Monday, 21 May 2018

The Result Approach


The Result Approach:

Ø  Focuses on managing the objectives, measurable results of job or work group.
Ø  This approach assumes that subjectivity can be eliminated from the measurement process and that results are the closest indicator of one’s contribution to organizational effectiveness.
Management by Objectives (MBO):
Ø  In organizations where MBO is used to set goals and objectives for employees, the supervisor will use this approach for performance appraisal also.
Ø  The appraisal is based on whether or not the employee has met his or her objectives.
Ø  The advantage is that employees know what to expect.
The supervisor focuses on results rather than more subjective criteria.

Result Approach:
Advantages:
Ø  Minimizing Subjectivity
Ø  Relying on objectives, quantifiable indicators of performances.
Ø  Links an individual’s result with organizational strategies and goals.
Disadvantages:
Ø  Objective measurements are affected by the things that are not under the employee’s control, e.g. economic recession.
Ø  Individual may focus only on aspects of their performance those are measured, neglecting those are not.
Ø  Objective feedback may not help employee to learn how they need to change the behavior to increase their performances.
The Quality Approach:
Ø  Two fundamental characteristics of the quality approach are:
o   Customer Orientation
o   Prevention approach to errors.
Ø  Improving customer satisfaction is the primary goal of the quality approach.
Ø  Customer can be internal or external to organization.
The Quality Approach:
Ø  Emphasize an assessment of both person and system factors in the measurement system.
Ø  Emphasize that managers and employees work together to solve performance problems.
Ø  Involves both internal and external customers in setting standards and measuring performances.
Ø  Use multiple sources to evaluate person and system factors.
Ø  Statistical process control techniques are very important in the quality approach e.g. process-flow analysis, cause and effect analysis, Pareto chart, control charts, histograms and scatter grams.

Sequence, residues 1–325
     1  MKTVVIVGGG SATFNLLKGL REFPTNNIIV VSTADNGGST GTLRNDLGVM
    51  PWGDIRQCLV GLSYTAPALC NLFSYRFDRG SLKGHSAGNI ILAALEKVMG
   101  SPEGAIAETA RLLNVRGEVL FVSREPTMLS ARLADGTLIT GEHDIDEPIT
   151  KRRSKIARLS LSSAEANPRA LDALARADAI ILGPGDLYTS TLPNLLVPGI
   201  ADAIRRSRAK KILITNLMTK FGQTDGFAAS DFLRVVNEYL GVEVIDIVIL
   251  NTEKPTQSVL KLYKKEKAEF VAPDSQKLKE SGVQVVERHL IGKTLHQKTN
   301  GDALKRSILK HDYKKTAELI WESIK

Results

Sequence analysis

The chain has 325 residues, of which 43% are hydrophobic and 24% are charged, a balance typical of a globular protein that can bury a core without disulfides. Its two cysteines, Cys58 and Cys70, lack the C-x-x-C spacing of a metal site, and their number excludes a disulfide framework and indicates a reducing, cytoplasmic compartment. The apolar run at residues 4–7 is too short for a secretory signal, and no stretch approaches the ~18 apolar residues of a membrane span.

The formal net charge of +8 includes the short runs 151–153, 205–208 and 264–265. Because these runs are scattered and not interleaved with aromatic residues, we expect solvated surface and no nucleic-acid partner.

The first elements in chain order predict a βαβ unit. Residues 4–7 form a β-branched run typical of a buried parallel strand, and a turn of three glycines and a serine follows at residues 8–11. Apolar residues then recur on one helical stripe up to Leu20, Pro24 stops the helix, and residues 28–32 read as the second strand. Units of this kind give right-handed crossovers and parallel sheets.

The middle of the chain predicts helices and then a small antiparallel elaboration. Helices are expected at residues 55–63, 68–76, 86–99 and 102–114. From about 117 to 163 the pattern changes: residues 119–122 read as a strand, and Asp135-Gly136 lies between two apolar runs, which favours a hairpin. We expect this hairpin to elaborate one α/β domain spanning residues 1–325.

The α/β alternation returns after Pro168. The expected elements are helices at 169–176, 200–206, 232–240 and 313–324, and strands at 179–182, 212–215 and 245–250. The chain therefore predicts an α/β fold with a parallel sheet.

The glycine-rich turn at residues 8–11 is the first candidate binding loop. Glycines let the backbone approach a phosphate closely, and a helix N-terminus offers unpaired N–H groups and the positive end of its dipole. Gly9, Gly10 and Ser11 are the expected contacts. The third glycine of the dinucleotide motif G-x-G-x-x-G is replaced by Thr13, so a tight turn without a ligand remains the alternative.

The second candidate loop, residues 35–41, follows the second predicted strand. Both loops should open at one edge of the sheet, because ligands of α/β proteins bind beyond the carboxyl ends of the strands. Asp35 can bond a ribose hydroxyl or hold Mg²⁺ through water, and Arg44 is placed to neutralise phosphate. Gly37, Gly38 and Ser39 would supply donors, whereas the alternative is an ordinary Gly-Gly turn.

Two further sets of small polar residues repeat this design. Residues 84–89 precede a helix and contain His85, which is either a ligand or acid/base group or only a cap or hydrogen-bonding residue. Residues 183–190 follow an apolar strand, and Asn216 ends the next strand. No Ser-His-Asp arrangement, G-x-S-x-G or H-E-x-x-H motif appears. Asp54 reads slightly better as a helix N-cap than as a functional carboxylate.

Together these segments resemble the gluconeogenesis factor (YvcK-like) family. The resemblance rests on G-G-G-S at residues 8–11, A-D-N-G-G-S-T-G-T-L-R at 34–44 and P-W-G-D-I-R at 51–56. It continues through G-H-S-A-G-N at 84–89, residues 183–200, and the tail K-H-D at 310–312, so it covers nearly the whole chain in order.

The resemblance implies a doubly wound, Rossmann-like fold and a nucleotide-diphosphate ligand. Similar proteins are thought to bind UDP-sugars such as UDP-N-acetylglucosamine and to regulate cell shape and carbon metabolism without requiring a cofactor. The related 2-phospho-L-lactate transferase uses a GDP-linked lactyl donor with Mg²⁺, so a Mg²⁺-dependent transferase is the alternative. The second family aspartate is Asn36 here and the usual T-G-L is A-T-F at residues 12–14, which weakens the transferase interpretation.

The Behavioral Approach


The Behavioral Approach:

Ø  Attempts to define the behaviors and employee must exhibits to be effective in the job.
Ø  The various techniques define those behaviors and then require managers to assess the extent to which employees exhibits them.
Critical Incidents
Ø  This approach requires managers to keep a record of specific examples of effective and ineffective performance on the part of each employee.
Ø  Feedback About Employee: What they do well? What they do poorly?
Ø  Many Managers resist having to keep a daily or weekly log of their employee’s behavior.
Ø  It is also often difficult to compare employees because each incident is specific to that individual. 

Behaviorally Anchored Rating Scales (BARS)
Ø  Builds on the critical incidents approach.
Ø  It is designed to specifically define performance dimensions by developing behavioral anchors associated with different levels of performance.
Ø  To develop a BARS, gather a large number of critical incidents that represents effective and ineffective performances on the job.
Ø  These incidents are classified into performances dimensions, and the ones that experts agree clearly represent a particular level of performances are used as behavior example( or anchors) to guide raters.

Organization Behavior Modification (OBM)
Ø  OBM entails managing the behavior of employee through a formal system of behavioral feedback and reinforcement.
Ø  Behaviorist View of Motivation: Individual’s future behavior is determined by the past behavior that has been positively reinforced.
Ø  OB Modi. Have four components:
o   Define a set of key behavior necessary for job performance.
o   Use a measurement system to assess whether these behaviors are exhibited.
o   Manager or consultant informs employee of those behaviors, setting goals for how often the employees should exhibit those behaviors.